Jain explains that metronomic therapy seems to help normalize the tumor microenvironmentmeaning that it helps correct some of the abnormalities that develop around tumors that protect the tumor and foster its growth and spread. For example, while tumors can send out signals that compromise normal blood flow and block immune cell responses (both of which make them hard to treat), metronomic therapy appears to improve blood vessel function and immune activation within a tumor. Recent preclinical studies suggest that nanomedicines can cause similar changes in the tumor microenvironment.
“In this study, we hypothesized that nanoparticle formulations, given the controlled release of their payload and the long blood circulation time, can trigger the same cascade of activities as metronomic therapy,” says Jain.
Using a mathematical framework and experiments conducted in mice, the team showed that both approaches can serve as “normalization strategies” to affect the tumor microenvironment and improve cancer treatments. Also, in mice with triple negative breast cancer or fibrosarcoma, Doxila nanomedicine that is approved to treat metastatic breast cancer and consists of doxorubicin encapsulated in a lipid sphereadministered through a metronomic schedule could overcome tumor resistance typically seen when Doxil is given through a standard dosing schedule. A metronomic schedule also improved the efficacy of the combination of Doxil plus a type of immunotherapy called an immune checkpoint inhibitor.
“Nano-immunotherapy, which combines nanomedicines with immunotherapy, has high potential to improve patient outcomes, and for this reason, understanding the mechanisms of resistance to and development of strategies to enhance nano-immunotherapy in breast and other cancer types is urgently needed,” says co-corresponding author Triantafyllos Stylianopoulos, PhD, director of the Cancer Biophysics Laboratory and associate professor at the University of Cyprus. “The results of this work could be a basis for the planning of future clinical studies to improve the efficacy of nano-immunotherapy regimens.”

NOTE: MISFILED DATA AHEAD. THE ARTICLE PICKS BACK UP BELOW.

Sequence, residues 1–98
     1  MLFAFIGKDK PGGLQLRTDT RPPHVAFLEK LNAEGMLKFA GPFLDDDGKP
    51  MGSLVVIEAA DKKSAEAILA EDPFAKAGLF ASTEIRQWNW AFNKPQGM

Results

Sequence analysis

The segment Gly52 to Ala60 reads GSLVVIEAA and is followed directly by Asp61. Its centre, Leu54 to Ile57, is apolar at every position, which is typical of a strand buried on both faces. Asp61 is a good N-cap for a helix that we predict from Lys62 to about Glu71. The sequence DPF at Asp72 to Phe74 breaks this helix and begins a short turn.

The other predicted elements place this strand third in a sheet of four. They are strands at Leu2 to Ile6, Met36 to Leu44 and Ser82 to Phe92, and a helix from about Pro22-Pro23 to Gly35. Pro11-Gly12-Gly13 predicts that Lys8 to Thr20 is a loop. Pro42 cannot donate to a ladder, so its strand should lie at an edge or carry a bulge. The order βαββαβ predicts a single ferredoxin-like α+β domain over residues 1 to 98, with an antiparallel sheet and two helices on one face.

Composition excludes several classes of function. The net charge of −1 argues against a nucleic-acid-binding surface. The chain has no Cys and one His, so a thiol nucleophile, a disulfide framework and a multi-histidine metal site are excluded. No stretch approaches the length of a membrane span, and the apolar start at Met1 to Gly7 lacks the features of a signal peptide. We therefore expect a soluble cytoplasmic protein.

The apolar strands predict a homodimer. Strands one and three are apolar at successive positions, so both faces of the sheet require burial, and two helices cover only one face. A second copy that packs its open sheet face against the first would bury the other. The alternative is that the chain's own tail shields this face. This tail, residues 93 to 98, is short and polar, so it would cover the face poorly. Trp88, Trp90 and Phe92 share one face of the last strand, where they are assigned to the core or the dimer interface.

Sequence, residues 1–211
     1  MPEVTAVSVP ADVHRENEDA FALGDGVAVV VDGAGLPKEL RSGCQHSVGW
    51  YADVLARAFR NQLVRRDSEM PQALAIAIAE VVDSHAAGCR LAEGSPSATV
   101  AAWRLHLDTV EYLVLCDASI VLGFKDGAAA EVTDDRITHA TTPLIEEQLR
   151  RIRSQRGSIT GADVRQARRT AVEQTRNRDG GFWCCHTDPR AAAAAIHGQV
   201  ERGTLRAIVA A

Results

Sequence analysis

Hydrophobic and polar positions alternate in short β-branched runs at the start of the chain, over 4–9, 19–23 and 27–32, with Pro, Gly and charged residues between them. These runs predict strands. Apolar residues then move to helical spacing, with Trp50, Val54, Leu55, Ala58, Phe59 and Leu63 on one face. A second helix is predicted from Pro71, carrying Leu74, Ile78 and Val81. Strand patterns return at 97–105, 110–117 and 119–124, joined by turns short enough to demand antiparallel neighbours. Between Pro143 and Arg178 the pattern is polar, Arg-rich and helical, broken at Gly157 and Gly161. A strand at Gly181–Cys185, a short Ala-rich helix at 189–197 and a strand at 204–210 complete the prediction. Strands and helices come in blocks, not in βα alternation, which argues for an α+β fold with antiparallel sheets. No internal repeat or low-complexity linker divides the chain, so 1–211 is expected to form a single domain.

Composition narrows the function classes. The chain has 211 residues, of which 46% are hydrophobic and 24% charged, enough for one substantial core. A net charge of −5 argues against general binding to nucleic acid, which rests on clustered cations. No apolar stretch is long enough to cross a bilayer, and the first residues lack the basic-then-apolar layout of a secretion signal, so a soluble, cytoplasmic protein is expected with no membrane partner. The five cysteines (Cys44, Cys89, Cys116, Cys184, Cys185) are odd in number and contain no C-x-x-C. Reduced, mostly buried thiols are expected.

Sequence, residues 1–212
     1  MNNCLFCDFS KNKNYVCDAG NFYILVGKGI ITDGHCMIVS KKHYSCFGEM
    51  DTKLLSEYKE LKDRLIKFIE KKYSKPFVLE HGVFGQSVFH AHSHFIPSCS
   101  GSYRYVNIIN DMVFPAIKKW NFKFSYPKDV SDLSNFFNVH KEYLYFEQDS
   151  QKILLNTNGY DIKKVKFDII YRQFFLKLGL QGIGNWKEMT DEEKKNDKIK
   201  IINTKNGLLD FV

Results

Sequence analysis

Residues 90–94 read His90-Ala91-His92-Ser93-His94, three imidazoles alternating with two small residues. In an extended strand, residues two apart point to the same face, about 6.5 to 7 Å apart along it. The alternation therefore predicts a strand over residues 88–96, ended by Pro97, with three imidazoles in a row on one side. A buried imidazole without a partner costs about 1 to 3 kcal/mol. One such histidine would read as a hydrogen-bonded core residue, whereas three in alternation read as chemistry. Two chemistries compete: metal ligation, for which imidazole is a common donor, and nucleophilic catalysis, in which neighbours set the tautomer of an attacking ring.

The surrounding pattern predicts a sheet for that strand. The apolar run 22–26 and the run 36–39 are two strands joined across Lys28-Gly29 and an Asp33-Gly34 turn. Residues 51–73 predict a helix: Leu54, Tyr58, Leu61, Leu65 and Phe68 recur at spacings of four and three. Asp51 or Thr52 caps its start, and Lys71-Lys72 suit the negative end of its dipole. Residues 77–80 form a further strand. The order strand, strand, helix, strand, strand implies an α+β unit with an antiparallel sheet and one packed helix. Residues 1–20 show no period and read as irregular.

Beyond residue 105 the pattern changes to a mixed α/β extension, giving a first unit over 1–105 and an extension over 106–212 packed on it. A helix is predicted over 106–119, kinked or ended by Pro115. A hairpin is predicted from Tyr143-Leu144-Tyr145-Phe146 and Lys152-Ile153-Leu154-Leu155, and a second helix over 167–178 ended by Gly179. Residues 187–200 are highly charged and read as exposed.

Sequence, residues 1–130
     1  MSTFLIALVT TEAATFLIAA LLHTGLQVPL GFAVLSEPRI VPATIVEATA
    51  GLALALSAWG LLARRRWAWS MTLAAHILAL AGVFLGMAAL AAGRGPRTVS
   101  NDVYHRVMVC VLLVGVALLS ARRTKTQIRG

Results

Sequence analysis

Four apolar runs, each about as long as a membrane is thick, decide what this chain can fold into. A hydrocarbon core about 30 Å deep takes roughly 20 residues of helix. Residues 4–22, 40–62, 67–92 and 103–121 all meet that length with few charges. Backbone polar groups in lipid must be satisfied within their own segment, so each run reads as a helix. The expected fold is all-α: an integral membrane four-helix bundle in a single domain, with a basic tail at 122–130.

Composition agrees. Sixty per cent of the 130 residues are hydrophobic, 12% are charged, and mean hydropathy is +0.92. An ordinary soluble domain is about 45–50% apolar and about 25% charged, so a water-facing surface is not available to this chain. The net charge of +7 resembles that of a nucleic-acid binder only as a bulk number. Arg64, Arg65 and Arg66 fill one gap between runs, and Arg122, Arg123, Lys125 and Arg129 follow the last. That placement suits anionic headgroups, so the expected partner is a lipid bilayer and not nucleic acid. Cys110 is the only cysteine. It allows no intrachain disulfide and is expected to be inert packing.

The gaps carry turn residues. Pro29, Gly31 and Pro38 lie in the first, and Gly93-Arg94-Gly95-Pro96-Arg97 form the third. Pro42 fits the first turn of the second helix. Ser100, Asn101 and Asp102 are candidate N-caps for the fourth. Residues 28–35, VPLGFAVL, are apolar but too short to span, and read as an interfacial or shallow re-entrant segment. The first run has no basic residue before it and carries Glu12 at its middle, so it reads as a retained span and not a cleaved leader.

The results suggest that combining nanomedicines with metronomic scheduling can lead to a powerful attack against hard-to-treat tumors. By acting together to normalize the tumor microenvironment, these two strategies give drugs a better chance of reaching cancer cells and targeting them effectively.
The study’s co-authors include Fotios Mpekris and Myrofora Panagi (University of Cyprus), Chrysovalantis Voutouri (Massachusetts General Hospital) and James W. Baish (Bucknell University).
This work was supported by grants from the National Foundation for Cancer Research, the Ludwig Center at Harvard; the Jane’s Trust Foundation; Nile Albright Medical Research Foundation; the U.S. National Cancer Institute grants R35-CA197743, R01-CA208205, R01-CA259253, R01NS118929, U01CA224348, U01CA261842 (to R.K.J.); the European Research Council (ERC-2013-StG-336839, ERC-2019-CoG-863955); and the Cyprus Research and Innovation Foundation (INFRASTRUCTURE/1216/0052, POST-DOC/0718/0084) (to T.S.), a Marie Sk³odowska Curie Actions Individual Fellowship Global (MSCA-IF-GF-2020-101028945) (to C.V.) and Grant R01 HL128168 (to J.W.B.).